Abstract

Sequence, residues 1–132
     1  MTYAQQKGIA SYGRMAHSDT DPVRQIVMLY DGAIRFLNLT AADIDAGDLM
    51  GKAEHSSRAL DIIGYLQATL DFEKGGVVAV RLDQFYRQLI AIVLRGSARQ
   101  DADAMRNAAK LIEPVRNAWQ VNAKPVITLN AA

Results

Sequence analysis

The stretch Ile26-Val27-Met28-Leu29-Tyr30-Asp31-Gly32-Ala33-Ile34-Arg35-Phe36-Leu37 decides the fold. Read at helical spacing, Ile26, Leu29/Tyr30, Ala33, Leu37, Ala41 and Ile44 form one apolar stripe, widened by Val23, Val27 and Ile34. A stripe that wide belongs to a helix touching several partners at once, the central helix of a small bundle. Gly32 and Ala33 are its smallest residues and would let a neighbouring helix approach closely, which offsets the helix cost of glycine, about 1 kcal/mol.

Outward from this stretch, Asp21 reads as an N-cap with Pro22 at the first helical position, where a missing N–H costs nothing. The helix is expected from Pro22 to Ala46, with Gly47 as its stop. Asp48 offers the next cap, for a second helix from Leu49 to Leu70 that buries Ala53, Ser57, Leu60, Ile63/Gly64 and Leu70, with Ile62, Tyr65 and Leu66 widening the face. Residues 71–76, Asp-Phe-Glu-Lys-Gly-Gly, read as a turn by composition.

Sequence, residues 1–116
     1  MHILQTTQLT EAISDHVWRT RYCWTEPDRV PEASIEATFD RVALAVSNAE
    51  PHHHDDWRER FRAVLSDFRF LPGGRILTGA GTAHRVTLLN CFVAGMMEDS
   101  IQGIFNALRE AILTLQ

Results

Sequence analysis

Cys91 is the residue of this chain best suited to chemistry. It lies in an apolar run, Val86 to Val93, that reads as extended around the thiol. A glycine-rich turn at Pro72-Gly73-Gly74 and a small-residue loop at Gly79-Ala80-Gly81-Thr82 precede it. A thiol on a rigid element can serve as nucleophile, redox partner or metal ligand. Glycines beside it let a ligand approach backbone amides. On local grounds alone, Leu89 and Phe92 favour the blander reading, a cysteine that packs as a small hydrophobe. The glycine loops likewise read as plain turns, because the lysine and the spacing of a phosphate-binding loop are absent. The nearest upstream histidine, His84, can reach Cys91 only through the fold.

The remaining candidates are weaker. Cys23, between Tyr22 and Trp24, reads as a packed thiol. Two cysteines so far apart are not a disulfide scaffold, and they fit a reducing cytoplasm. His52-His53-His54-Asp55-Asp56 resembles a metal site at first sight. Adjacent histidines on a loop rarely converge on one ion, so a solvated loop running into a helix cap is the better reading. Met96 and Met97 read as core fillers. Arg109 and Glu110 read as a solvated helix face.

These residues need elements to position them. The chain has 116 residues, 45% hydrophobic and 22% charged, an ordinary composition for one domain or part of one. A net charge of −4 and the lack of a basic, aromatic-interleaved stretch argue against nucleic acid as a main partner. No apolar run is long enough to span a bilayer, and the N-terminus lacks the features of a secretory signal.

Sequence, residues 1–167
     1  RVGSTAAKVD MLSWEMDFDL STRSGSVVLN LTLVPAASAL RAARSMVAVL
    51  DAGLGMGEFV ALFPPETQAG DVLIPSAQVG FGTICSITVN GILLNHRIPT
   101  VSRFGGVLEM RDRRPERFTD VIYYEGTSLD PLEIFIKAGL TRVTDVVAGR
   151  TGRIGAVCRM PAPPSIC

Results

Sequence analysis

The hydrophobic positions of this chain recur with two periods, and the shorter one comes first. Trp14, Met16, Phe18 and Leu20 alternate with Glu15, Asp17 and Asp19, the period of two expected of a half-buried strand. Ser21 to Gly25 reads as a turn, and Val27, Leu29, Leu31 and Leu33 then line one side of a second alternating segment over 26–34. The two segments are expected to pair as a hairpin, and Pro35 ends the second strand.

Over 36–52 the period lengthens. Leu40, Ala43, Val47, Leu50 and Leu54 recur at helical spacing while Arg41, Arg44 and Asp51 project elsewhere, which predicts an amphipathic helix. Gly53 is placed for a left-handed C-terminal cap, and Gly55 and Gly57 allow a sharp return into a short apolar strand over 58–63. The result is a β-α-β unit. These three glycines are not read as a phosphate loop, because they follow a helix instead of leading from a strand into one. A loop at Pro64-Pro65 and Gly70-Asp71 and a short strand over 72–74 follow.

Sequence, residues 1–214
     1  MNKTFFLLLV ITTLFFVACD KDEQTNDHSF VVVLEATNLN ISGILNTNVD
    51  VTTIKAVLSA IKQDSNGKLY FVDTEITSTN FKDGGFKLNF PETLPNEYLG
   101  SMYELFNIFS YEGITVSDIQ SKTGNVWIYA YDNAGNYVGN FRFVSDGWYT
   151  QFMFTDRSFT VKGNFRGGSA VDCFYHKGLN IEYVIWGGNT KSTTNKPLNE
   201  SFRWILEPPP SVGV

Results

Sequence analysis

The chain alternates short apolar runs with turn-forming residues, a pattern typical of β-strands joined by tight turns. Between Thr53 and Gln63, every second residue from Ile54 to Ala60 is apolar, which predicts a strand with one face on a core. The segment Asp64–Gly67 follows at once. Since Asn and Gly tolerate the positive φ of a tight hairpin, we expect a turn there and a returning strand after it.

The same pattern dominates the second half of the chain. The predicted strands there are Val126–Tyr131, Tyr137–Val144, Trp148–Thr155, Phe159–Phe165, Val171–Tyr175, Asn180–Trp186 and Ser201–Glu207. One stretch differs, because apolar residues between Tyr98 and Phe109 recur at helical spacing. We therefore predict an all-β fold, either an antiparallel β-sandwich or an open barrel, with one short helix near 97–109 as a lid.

We describe plant–arthropod associations from the Middle Pennsylvanian (late Bolsovian–early Asturian) Pennant Sandstone Formation of southern Britain. Our material comprises calcified cordaitaleans and tree-fern axes, preserved in braided channel deposits, and interpreted as remains of subhumid riparian vegetation distinct from that of coeval coal swamps. The first plant–arthropod association, attributed to herbivorous insects, comprises cambial damage to cordaitalean leafy branches, resulting in traumatic wound response. The second and most widespread association, attributable to detritivorous oribatid mites, includes tunnels and galleries containing widely scattered, clustered, or densely packed microcoprolites within the inner root mantle of marattialean tree ferns and cordaitalean trunks and branches. Diameter data for tunnels and microcoprolites are multimodal, recording four or five instars of oribatid mites that parallel instar-based fecal pellet and body lengths in modern taxa. The third association attributed, possibly, to an arthropleurid, comprises a single, very large (19 × 14 mm) coprolite. Included plant fragments support a previous conjecture that arborescent lycopsids formed part of this iconic arthropod's diet. Mucus-lined burrows within the macrocoprolite imply that fecal material was processed by annelids. The high diversity and frequency of plant–arthropod associations are unusual for Mid-Pennsylvanian time, and may reflect previously undetected interactions in those ecosystems that lay outside “coal forest swamps.”

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